It's very easy to dismiss all ideas as being incremental, but I think there exist real, rare sparks of genius which leapfrog the field forward, and these sparks of genius only get deeper and more mysterious the more you think of it. My only reaction to these ideas is a certain sense of awe.

Someone mentioned this earlier - "The Innovators" by Walter Isaacson is pretty much this thesis exactly. Progress comes from building on previous work, usually collaboratively.

Now, I think it's fair to say that there are "geniuses" and it's perhaps a little uncharitable to claim that we shouldn't look up to them at all - but there is certainly more than one dimension to progress.

This sort of determinism seems wrong. It implies that if you had a Monte Carlo simulation engine of the universe and ran it 1,000 times beginning at the 20th century through today, you would expect those iterations to look a lot like our world. Only with some of the names and people being different, but fundamentally, everything else would still have happened.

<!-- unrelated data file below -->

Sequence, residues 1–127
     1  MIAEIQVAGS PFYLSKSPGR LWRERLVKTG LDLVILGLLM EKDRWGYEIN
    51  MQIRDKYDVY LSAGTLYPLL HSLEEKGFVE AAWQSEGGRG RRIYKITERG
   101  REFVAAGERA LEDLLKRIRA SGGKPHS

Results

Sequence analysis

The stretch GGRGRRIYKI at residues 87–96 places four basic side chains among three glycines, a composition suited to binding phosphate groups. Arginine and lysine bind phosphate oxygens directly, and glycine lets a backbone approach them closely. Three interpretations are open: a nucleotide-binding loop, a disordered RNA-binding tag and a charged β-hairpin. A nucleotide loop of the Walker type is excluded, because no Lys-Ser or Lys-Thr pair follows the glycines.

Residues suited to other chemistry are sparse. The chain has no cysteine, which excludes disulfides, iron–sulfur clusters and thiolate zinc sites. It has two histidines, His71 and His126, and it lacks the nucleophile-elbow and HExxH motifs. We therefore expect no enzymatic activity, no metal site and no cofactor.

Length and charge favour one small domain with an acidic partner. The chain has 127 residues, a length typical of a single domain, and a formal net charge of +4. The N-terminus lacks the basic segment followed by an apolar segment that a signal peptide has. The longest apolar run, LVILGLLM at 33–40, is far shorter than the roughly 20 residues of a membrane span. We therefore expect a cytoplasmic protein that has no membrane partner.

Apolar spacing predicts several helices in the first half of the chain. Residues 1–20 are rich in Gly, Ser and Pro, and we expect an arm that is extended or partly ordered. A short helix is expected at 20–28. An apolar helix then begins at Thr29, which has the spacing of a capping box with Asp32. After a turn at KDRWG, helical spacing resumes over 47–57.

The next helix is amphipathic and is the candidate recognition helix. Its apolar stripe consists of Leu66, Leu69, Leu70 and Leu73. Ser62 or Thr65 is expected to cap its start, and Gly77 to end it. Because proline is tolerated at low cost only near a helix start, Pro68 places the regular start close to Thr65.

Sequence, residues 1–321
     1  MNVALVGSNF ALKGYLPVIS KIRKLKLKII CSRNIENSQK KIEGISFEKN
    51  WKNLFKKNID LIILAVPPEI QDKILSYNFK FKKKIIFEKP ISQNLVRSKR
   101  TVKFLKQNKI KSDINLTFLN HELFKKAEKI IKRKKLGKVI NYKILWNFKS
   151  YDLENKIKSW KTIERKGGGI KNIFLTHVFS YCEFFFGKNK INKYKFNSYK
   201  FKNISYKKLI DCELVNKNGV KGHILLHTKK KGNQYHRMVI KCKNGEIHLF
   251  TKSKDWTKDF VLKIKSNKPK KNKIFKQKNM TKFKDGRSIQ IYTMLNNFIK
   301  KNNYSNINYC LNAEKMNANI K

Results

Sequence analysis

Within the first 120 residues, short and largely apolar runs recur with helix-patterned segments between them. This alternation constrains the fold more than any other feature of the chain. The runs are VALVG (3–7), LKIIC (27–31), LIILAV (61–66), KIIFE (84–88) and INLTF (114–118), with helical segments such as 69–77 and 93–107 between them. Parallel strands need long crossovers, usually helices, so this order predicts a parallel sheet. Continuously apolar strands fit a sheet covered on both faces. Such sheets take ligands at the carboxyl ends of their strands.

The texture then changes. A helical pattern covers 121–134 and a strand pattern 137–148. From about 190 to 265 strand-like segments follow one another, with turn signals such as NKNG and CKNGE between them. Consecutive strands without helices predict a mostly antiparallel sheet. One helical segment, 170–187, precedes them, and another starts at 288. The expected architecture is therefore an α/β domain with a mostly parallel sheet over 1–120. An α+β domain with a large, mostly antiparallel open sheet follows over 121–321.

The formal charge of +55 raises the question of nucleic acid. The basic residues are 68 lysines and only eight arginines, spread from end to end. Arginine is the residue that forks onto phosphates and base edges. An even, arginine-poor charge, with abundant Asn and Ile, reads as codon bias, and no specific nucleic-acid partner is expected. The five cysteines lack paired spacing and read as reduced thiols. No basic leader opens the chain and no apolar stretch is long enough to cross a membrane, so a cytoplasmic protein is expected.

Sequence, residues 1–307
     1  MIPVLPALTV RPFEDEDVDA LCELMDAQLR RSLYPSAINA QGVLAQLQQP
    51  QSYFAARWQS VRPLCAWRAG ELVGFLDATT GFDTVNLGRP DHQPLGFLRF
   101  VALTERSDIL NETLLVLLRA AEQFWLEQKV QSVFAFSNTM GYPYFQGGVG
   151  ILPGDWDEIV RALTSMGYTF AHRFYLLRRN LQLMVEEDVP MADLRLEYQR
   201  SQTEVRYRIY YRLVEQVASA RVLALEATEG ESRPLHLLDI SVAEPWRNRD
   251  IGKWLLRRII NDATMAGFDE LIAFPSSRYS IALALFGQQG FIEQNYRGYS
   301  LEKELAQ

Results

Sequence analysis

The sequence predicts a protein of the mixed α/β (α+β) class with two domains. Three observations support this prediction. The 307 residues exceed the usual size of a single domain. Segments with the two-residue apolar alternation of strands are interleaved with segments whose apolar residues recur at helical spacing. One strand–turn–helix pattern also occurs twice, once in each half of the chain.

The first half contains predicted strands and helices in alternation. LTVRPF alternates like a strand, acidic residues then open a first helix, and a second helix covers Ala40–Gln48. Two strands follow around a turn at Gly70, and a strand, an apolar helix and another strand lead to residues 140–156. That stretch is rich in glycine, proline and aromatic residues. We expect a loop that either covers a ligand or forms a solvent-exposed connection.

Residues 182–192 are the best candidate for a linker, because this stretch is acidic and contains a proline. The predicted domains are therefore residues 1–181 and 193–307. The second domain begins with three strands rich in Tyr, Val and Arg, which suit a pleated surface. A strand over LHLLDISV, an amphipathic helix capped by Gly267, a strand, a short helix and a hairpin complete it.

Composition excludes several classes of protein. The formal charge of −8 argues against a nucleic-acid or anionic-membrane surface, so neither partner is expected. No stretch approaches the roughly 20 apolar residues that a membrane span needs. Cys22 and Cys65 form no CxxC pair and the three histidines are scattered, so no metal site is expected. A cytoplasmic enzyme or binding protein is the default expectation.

That seems unlikely, no?

Yeah, sort of. I'd say it's quite likely.

The thing about how engineering and the markets work - they are attracted towards local optimas. So I'd expect each iteration to e.g. have cars that are more-less like we know. I'd expect it to have soft drinks; maybe not Coca Cola, but something very similar and recognizable to us, etc.

Incremental, or low cost/risk? A more general concept. Because sometimes what seems non-incremental, is just a change in economics.

At a history of biology colloquium, a sociology of science person, was trying to fit a narrative of new perspectives unlocking previously unconsidered questions. And the pushback was, no, the dominant effect was the cost of various tools dropping by multiple orders of magnitude. Which changed previously intractably (and thus uninteresting) questions, into potentially fruitful ones (worth pursuing).

One of the many problems with patents, is non-obviousness being incorrectly assumed time-invariant. Granting multi-decade monopolies for "you did it this year, that's cute - everyone else was waiting until next year, when it would be easy", which doesn't promote the progress of science and useful arts.